Latest report on IT spending includes optimistic and pessimistic predictions as well as how recovery will look different across industries.
IT spending plans for the second half of 2020 reflect the uncertainty about reopening economies and the next phase of the coronavirus pandemic, according to a new report from IDC.
Stephen Minton, a vice president of customer insights and analysis, explained the findings of the latest spending survey, “COVID-19: Factoring in the Impact on the Industry,” during a webinar on May 7 and predicted a 5% drop in overall IT spending for 2020.
“Pessimistic scenarios are much worse now than a month ago,” Minton said.
Minton said that IDC’s latest research suggested that tech spending will drop in Q2 but move back into positive growth by the end of 2020. Minton also said that recovery in Q3/Q4 remains an untested assumption.
“If we have to close down another time, that resets the board and we have to reforecast everything,” he said.
He added that analysts do not expect to see a vaccine in the short term but that the development of one will support the recovery in 2021. Minton predicted that this recession will follow the same overall pattern as previous downturns, but on a different scale.
“Generally, IT spending is a little less vulnerable than it was 10 years ago during the financial crisis,” Minton said. “Spending cuts are more on the device side this time and not so much infrastructure because more of that spend is in the cloud.”
Jessica Goepfert, a vice president for customer insights and analysis at IDC, also spoke during the webinar and described these four frameworks for recovery reflecting how the pandemic and the recovery will affect each sector differently:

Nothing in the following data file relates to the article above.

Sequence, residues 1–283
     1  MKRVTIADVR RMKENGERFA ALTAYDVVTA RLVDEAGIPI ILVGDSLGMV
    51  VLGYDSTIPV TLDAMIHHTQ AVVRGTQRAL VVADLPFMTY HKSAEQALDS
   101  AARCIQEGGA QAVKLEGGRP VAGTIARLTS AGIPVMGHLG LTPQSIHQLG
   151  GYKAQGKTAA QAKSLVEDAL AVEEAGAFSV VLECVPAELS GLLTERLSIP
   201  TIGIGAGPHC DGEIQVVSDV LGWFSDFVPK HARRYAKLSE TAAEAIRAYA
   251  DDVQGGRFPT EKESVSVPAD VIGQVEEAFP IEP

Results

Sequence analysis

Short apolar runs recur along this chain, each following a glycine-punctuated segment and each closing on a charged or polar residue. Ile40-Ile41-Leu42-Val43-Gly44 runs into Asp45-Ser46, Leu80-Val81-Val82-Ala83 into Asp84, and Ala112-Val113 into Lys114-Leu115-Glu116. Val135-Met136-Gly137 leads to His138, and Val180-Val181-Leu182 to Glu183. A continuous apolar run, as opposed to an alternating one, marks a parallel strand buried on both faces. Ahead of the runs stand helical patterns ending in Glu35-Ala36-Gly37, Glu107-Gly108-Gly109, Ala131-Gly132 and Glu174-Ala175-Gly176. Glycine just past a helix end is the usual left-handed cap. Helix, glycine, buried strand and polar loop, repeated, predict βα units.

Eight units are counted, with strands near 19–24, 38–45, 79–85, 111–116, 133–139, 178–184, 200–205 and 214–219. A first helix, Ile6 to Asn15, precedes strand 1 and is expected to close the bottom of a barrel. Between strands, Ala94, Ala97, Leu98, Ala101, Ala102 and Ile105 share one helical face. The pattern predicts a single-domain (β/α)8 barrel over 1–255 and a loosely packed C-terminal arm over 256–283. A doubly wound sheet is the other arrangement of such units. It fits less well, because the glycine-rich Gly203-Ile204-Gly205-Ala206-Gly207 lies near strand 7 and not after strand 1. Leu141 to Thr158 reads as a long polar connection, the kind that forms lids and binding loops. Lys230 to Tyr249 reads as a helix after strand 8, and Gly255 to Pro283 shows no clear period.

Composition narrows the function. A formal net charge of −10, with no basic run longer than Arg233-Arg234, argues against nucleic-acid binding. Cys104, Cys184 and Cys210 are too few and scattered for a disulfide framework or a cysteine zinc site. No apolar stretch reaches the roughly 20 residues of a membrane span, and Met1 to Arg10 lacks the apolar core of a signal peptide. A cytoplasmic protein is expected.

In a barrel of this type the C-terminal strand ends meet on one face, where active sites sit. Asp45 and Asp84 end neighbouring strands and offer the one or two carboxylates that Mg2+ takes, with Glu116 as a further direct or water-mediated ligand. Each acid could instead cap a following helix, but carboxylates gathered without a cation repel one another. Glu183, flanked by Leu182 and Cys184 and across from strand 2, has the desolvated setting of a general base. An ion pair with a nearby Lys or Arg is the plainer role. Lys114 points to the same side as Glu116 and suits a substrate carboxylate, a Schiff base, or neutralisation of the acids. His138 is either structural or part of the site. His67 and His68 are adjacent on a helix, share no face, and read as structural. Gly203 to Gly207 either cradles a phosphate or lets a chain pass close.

Generally hums along: These industries have maintained operations, continue to hold up relatively well compared to others, and have curtailed tech spending only somewhat, including insurance, utilities, and public sector industries.
Bounce back: The companies have pulled back tech spending but are anxious to return to pre-coronavirus plans and budgets and should be able to get back up and on track more easily, including professional services.
Fits and starts: These industries are heavily dependent on the return of consumers to return to normal tech spending and will be slow to loosen the purse strings for critical investments, such as retail.
Slow crawl recovery: These companies have been the hardest hit by the shutdown, have implemented significant layoffs, and will have to restart basic operations before returning to pre-virus IT spending levels, such as transportation.
IDC predicts that telecom, media, and healthcare companies are relatively insulated by strong demand for services while consumer services, transportation, and many segments of retail and manufacturing will be hardest hit.
The IDC research also asked survey respondents to estimate how long the pandemic will last. The average estimate was 7.8 months with finance, government, manufacturing, transportation, communication, utilities, and media companies on the lower end of the estimate with education and retail sectors suggesting longer durations. Healthcare and life sciences companies gave a significantly higher estimate of 11.26 months or almost a year before the outbreak ends.
“What I have heard anecdotally is that some retailers, including food stores, are anticipating a second wave and are making investments to better prepare for that,” Goepfert said.
Minton described both optimistic and pessimistic scenarios about how the recovery could play out. The positive analysis looks like this:
- Stabilization in Q2
- Rapid economic recovery in Q3 and Q4
- Worldwide GDP shrinks by 1% overall
- US decline of 3%
- Supply chains recover quickly by end of Q2
The gloomy assessment is more likely if the coronavirus cases spike a second time and governments require a second lockdown:
- Lockdown and isolation measures continue beyond Q2
- Worldwide GDP goes down down 6%
- US GDP drops between 8 and 10%
- Slow and difficult recovery in second half of Q2
- China struggles to post growth of 1 – 2%; all other regions decline
The spending analysis showed that buyer intent has dropped from 1,065 in January to 983 in early May while market indicators went from 1,035 in January to 944 in May. A score above 100 indicates growth and below 1,000 suggests a decline in IT spending.
Minton said the demand for IT products and services is still strong and that this downturn is an external shock, not a tech-led recession like in 2001.
“The drivers for innovation are still there, and that’s why we expect overall IT spending to recover quickly when the overall economy recovers,” he said.
IDC’s Covid-19 Impact on IT Spending survey was conducted the week of April 22.
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